# Confused with this SVD problem: Does it matter which singular vectors you choose?

I am trying to decompose the following matrix using the Singular Value Decomposition (SVD): $$A = \begin{bmatrix} 4 & 4\\ -3 & 3\\ \end{bmatrix} = U\Sigma V^T$$

Here is my work (I know this is far from the most efficient way to do SVD, but please follow along my way):

Finding $$\Sigma$$ and $$V$$:

$$A^T A = \begin{bmatrix}25 & 7\\7 & 25\\\end{bmatrix} \quad\text{with } \lambda_1 = 32, v_1 = \begin{bmatrix}1/\sqrt2\\1/\sqrt2\\\end{bmatrix} \quad\text{and } \lambda_2 = 18, v_2 = \begin{bmatrix}1/\sqrt2\\-1/\sqrt2\\\end{bmatrix}$$

So, $$V = \begin{bmatrix}1/\sqrt2 & 1/\sqrt2\\1/\sqrt2 & -1/\sqrt2\\\end{bmatrix} \quad \text{and} \quad \Sigma = \begin{bmatrix} \sqrt{32} & 0 \\ 0 & \sqrt{18}\\\end{bmatrix}$$

Finding $$U$$:

$$A A^T = \begin{bmatrix}32 & 0\\0 & 18\\\end{bmatrix} \quad\text{with } \lambda_1 = 32, u_1 = \begin{bmatrix}1\\0\\\end{bmatrix} \quad\text{and } \lambda_2 = 18, u_2 = \begin{bmatrix}0\\1\\\end{bmatrix}$$

So, $$U = \begin{bmatrix}32 & 0\\0 & 18\\\end{bmatrix}$$

However, $$U \Sigma V^T = \begin{bmatrix}4 & 4\\3 & -3\\\end{bmatrix} \neq A$$ Did I do something wrong?

Next attempt:

This time, I used $$u_2 = \begin{bmatrix}0\\-1\\\end{bmatrix}$$ instead of $$\begin{bmatrix}0\\1\\\end{bmatrix}$$. So, $$U = \begin{bmatrix}1 & 0\\0 & -1\\\end{bmatrix}$$.

Now, it seems to work: $$U \Sigma V^T = \begin{bmatrix}4 & 4\\-3 & 3\\\end{bmatrix} = A.$$

So my question is: Does it matter which singular vectors you choose for $$U$$ and $$V$$? In other words, if you find a singular vector $$x$$ with unit length, how do you know to choose $$x$$ or $$-x$$? I know that in Eigenvalue decomposition, it didn't matter because you can change the diagonal matrix $$\Lambda$$ accordingly. What about in SVD?

• See this post and this post Commented Aug 8, 2020 at 14:28
• @BenGrossmann Thank you. I think I can now answer my own question Commented Aug 8, 2020 at 14:41
• The SDV decomposition is not unique. Any SDV however has the same values (maybe in different order) for the diagonal matrix $D$. Here is a useful math.stackexchange.com/a/3752311/809021 Commented Aug 8, 2020 at 14:57

Short Answer: The convention of choosing non-negative singular values locks our answer for $$U$$.
Explanation: The square of the singular values ($$\sigma_i$$) of a matrix $$A$$ is equal to the eigenvalues of $$A^T A$$ ($$\lambda_i$$), which are all non-negative (since $$A^T A$$ is positive semidefinite). There are two solutions to $$\sigma_i^2 = \lambda_i$$: the positive root ($$\sigma_i = \sqrt\lambda_i$$), and the negative root ($$\sigma_i = -\sqrt\lambda_i$$). If we were free to choose either one, then we could also choose either $$u_i$$ or $$-u_i$$ as the $$i^{th}$$ left singular vector, since we can adjust the sign of $$\sigma_i$$ in the diagonal matrix $$\Sigma$$ to match the final calculation for $$A = U \Sigma V^T$$. However, since it is a convention to use the positive root in $$\Sigma$$, our choice for $$u_i$$ is locked by $$A$$ and $$v_i$$: $$u_i = \frac{A v_i}{\sigma_i}.$$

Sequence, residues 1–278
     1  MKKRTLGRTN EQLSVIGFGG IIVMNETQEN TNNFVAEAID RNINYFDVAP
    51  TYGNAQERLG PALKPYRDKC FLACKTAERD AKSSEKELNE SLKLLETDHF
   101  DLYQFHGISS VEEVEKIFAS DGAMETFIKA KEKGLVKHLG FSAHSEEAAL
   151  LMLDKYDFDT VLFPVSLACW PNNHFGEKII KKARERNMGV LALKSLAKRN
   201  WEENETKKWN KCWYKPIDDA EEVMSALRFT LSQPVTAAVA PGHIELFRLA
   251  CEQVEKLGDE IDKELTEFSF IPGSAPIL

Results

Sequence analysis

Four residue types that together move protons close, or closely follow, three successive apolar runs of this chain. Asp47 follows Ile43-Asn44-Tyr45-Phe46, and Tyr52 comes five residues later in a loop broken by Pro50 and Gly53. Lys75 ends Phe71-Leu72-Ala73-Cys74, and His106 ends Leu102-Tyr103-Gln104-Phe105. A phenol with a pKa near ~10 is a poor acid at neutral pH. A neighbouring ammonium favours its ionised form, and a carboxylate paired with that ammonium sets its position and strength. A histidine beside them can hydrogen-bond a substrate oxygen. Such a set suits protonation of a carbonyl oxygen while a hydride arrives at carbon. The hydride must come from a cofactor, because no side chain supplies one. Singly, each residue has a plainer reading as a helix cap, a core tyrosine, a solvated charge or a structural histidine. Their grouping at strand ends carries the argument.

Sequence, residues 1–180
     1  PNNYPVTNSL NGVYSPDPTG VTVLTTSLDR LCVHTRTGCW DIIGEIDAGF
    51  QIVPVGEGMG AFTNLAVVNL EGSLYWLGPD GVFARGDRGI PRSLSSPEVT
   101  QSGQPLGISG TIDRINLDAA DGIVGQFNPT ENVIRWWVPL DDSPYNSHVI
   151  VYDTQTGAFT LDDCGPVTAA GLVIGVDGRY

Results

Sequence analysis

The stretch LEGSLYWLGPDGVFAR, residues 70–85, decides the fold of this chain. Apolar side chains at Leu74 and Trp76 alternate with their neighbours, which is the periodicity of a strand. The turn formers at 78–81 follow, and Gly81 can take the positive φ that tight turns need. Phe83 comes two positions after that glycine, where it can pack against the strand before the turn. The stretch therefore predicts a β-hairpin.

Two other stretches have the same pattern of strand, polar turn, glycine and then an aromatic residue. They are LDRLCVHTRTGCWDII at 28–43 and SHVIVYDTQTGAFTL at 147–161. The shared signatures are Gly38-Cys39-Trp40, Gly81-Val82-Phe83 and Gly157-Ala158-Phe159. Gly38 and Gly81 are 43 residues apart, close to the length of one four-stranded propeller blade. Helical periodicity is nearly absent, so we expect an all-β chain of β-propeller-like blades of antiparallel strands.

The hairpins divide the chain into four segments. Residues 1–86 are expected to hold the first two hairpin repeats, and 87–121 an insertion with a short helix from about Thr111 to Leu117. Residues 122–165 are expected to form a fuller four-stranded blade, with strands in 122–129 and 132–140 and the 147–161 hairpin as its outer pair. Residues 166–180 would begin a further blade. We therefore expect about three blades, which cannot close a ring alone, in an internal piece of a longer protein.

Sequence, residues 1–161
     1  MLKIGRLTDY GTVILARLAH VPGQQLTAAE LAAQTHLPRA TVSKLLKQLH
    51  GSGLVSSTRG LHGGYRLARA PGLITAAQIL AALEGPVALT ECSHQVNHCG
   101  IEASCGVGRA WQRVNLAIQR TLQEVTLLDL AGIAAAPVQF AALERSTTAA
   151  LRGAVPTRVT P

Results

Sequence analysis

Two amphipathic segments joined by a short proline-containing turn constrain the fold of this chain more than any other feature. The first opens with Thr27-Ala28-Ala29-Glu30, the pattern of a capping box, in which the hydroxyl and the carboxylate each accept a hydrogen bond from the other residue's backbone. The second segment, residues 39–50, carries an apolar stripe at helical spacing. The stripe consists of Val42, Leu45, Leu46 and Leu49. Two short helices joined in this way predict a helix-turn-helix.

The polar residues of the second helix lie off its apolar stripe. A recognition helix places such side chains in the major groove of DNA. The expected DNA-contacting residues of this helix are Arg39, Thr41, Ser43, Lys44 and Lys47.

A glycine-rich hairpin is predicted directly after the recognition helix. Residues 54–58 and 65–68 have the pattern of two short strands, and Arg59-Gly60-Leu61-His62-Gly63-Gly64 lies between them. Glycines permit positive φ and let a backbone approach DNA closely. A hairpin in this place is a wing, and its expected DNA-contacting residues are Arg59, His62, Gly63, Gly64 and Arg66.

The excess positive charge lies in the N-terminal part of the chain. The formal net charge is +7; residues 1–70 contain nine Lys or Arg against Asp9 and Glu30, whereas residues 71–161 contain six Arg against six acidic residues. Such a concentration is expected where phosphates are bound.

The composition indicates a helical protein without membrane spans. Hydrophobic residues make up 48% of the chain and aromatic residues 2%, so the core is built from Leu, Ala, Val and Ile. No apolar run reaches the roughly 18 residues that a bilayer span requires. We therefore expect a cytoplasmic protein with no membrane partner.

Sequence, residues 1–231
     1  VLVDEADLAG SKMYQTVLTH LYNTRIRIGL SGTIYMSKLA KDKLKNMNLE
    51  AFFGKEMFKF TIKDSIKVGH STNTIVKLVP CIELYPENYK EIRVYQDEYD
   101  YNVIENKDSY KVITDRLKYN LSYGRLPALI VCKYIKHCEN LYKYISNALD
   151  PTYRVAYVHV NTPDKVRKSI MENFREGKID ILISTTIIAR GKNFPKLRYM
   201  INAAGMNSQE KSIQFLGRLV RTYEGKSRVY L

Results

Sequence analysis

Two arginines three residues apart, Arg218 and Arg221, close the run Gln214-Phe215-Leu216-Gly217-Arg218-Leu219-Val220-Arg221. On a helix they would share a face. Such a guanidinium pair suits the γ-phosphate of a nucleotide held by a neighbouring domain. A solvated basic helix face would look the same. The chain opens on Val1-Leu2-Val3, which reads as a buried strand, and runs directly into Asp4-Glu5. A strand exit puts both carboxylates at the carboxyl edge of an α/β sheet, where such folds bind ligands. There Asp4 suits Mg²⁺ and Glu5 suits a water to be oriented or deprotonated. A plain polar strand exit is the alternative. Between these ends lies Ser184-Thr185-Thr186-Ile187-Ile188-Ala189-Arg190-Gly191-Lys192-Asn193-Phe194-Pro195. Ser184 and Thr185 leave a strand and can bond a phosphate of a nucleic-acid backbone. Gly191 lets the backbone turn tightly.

In the example above, $$U = \begin{bmatrix} 1 & 0\\ 0 & 1\\ \end{bmatrix}$$ works fine if we choose $$\sigma_2 = -\sqrt{18}$$. Then: $$U \Sigma V^T = \begin{bmatrix} 1 & 0\\ 0 & 1\\ \end{bmatrix} \begin{bmatrix} \sqrt{32} & 0\\ 0 & -\sqrt{18}\\ \end{bmatrix} \begin{bmatrix} 1/\sqrt2 & 1/\sqrt2\\ 1/\sqrt2 & -1/\sqrt2\\ \end{bmatrix} = \begin{bmatrix} 4 & 4\\ -3 & 3\\ \end{bmatrix} = A$$
However, since we choose the positive root for $$\sigma_2$$ by convention, we would have to change the sign of either $$u_2$$ or $$v_2$$ (the latter would flip the sign of the second row of $$V^T$$): $$U \Sigma V^T = \begin{bmatrix} 1 & 0\\ 0 & -1\\ \end{bmatrix} \begin{bmatrix} \sqrt{32} & 0\\ 0 & \sqrt{18}\\ \end{bmatrix} \begin{bmatrix} 1/\sqrt2 & 1/\sqrt2\\ 1/\sqrt2 & -1/\sqrt2\\ \end{bmatrix} = \begin{bmatrix} 4 & 4\\ -3 & 3\\ \end{bmatrix} = A$$
$$\text{or}$$ $$U \Sigma V^T = \begin{bmatrix} 1 & 0\\ 0 & 1\\ \end{bmatrix} \begin{bmatrix} \sqrt{32} & 0\\ 0 & \sqrt{18}\\ \end{bmatrix} \begin{bmatrix} 1/\sqrt2 & 1/\sqrt2\\ -1/\sqrt2 & 1/\sqrt2\\ \end{bmatrix} = \begin{bmatrix} 4 & 4\\ -3 & 3\\ \end{bmatrix} = A$$